No matter where you go, student art exhibitions have a number of similarities. There will always be a visual reference to some literary classic like Lewis Carroll’s Alice’s Adventures in Wonderland (1865). There will always be an obvious reference to an established artist who inspired the student’s work. There will always be still lifes with the same vase but from a different angle. There will be figure drawings galore.
In walking around the 2016 Parkland College Art and Design Student Juried Exhibition at the Giertz Gallery, my perspective shifted from a cynical one to a more forgiving one. For one thing, the fact the exhibition was juried by students left me wondering what didn’t get picked for the gallery. The other thing was envy over the variety of art classes available to students and what the students did in those classes. Along with that thought, I had to wonder what the assignments were like to prompt such a diversity of work from the students at Parkland.
Well-organized, the exhibition displays a huge variety of art forms, materials, and techniques. Oil paintings on canvas of models in profile reside alongside digital inkjet prints of photographs. Porcelain ceramics like Bowl by Patricia Guthrie reside alongside marble, stone, and wood. Works on paper using ink, graphite, acrylic paint, and charcoal abound. Two display cases show off the soldering, polishing, and detailing of the jewelry and metals students. Overhead and on pedestals, large creatures made of cardboard show-off the skills of budding 3-D designers. Jordan Bidner’s Betta Fish is hard to miss when walking inside, but my inner first grader squeed at seeing Andrew Smith’s Ankylosaurus. One would think the gallery would feel small with this overabundance of art. Yet the gallery feels open, navigable, and inviting; the artworks in the space draw you into a conversation about creativity and learning.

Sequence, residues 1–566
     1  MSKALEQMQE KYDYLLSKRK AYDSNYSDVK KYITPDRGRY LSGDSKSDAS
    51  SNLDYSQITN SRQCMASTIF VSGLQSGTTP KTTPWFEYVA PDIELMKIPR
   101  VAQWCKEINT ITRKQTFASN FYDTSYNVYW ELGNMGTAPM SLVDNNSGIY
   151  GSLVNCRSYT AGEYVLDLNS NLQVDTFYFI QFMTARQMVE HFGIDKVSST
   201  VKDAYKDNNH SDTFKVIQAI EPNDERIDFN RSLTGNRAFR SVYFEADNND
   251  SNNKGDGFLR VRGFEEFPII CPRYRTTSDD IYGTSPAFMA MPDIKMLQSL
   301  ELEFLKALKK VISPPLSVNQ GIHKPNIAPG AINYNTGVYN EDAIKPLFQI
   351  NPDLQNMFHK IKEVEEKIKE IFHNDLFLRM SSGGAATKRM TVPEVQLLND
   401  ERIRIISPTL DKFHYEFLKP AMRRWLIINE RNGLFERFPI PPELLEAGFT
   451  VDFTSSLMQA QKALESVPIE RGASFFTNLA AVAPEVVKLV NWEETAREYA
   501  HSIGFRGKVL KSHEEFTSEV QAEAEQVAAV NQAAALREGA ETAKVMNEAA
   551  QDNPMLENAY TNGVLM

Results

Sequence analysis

(Above: Betta Fish by Jordan Bidner; Below: Boney by Karissa Marshall)
You also encounter odd juxtapositions of artworks. For example, a painted portrait with a gold leaf background reminiscent of a Byzantine icon is hung beside four, detailed black and white photographs of luthier tools (more reminiscent of Bernd and Hilla Becher’s typological photoseries than Walker Evans’ photojournalism). A wall of photographs mixes agricultural landscapes with journalistic images of nightlife, abstract close-ups, and digitally altered images of seductive lips. Another wall boasts figure studies of feet and a ceramic skeletal foot. Even when you encounter something visually similar, you realize they have very little in common.
(Below: Painting on Beauty by Danielle Segerstrom)
For example, I believed two design pieces were from the same class, but they weren’t. Katherine Anderson’s Untitled crafts cityscape at night from acrylic painted pieces. Below it, Niky Reynold’s The Color Study also uses acrylic, but her sharp-lined triangles, trapezoids, and rectangles were painted. The sharp lines came from well-laid masking tape to keep the colors from running and mixing. From afar, I thought the pieces were from the same course because they looked similar, but they weren’t. In stepping back, what I thought were different approaches to a similar assignment were different because of different concepts explored in different classes.
All in all, take the time to stop by the Giertz Gallery at Parkland College and see what the students have done this year. Take a look at what they chose to submit and what a jury of their peers decided to showcase. You’ll be rewarded with artworks in marble, jade, copper, oils, wire gauge, plastic, and more. The exhibition closes April 30th. The Giertz Gallery is open on Mondays to Fridays from 10 a.m. to 7 p.m. and on Saturdays from 12 p.m. to 2 p.m.
If you can’t get in before Sunday, take a look below for more of our photographer’s favorites.
(Above: A Man and A Woman by Henry Wilkinson ; Below: A Train, A Stage, and a Two-hatted Cowboy by Karen Deering)
(Above: America by Scott Wells ; Below: ART at Night by Laurel Brown)
(Above: Armored by Jake Trubman)
All photos by Scott Wells
Scott is a U.S. Navy veteran and a graduate of the University of Illinois. He has been a photographer and writer for Smile Politely since March of 2015.